Even the pro developer does leave room for error when writing the code. These errors or bugs are the hurdles that would affect the smooth functioning of the websites and applications.
So how do the developers know there is a code bug?
This is the type of error message that comes into play.
Here are five types of most important error messages and what they mean to inform you.
This is the least severe type of error that you would come across in custom php website development for your projects. If a PHP script encounters a syntax error, it will produce an error message and stop execution. The parser will not execute any code that follows that point in the script but instead generates a notice that tells you about the problem.
If a script has no errors at all and does everything correctly, then it does not generate any notices or warnings.
Warnings are used to highlight potential problems in your code. Unlike errors, warnings do not stop the execution of the script and do not throw an exception. They can be turned off using the php.ini setting error_reporting=0;
Warnings are printed on the screen and can be viewed with a web browser (for example, by viewing them in our old friend: Firebug).
Fatal errors are the most serious and fatal errors in PHP. They are not allowed and will cause the script to stop as the function is called without its definition.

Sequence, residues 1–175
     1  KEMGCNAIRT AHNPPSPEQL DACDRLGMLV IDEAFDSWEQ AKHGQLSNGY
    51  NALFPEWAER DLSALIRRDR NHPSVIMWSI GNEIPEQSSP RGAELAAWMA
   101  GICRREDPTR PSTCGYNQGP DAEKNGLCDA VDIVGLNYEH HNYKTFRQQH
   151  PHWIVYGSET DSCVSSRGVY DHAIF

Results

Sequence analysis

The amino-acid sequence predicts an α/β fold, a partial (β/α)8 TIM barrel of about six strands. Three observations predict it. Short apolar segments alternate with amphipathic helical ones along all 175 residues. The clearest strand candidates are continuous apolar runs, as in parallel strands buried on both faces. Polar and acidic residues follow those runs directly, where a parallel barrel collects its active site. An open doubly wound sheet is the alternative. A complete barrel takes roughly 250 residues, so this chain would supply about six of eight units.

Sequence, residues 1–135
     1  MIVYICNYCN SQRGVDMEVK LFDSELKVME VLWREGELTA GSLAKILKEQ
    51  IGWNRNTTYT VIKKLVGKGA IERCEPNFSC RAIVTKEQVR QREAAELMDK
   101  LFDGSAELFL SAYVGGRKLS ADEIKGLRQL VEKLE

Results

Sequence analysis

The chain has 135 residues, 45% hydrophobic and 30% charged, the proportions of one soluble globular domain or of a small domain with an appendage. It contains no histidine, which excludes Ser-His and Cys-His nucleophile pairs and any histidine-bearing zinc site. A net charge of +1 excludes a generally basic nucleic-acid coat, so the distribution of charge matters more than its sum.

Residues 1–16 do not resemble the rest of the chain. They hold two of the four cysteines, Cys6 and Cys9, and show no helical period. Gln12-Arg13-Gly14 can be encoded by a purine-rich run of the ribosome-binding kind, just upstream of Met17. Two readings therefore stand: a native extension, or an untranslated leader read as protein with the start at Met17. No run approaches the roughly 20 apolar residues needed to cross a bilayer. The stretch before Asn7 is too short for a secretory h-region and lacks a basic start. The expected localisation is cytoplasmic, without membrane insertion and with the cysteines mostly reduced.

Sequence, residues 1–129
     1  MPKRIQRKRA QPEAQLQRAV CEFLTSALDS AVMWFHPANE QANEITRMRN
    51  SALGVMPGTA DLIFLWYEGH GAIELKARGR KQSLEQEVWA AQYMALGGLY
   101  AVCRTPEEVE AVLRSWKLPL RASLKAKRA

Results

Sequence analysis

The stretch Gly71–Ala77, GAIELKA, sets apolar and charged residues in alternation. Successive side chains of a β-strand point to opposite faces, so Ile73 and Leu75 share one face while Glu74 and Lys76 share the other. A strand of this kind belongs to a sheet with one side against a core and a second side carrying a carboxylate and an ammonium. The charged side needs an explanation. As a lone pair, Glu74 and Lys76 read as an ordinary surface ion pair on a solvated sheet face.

Any PHP code can generate fatal errors, but they're generally introduced by using new statements that don't exist in your codebase yet or trying to use functions that may have been changed since a previous version of your application was deployed.
They're displayed in red on the screen, so you know exactly what went wrong when you see them:
Parse or syntax errors
The other type of error is a parse or syntax error. This means that the PHP parser will not be able to parse the code properly, and therefore it's not valid.
Missing semicolons at the end of lines: If you have two statements on one line, ensure semicolons are at both ends of each statement so that your code can be parsed correctly by PHP.
Missing closing brace: If you use multiple statements on one line and don't close them with a closing brace (}), then your code will also be invalid because it has no way of knowing when each statement ended—and therefore cannot execute properly!
Missing closing parenthesis: Another common mistake is forgetting about parentheses; this can result in strange behaviour when trying to access variables inside an if statement or similar constructions requiring parenthesis around their contents.
How to enable error reporting in PHP?
The following code snippets will show you the different ways to enable error reporting during custom PHP website development for your projects:
E_ALL: This is the default setting for your web server. It comes with all the errors, warnings and notices that your PHP engine can produce.
E_STRICT: This enables a strict mode where all warnings and errors are reported as well as any invalid syntaxes or inconsistent usage of operators like (not equal to) etc.
Error Reporting: This disables all runtime error messages from being logged at all levels of your application, including request level, response headers and HTML content (see below).
PHP is an open-source language that can be used to create websites and applications. There are many different types of errors that can occur when executing PHP code, each with its own causes and consequences.
In this article, we listed four of the most common yet inevitable errors PHP developers face, what they mean, how to fix them, and any possible solutions available to fix these issues.
Good luck with your project!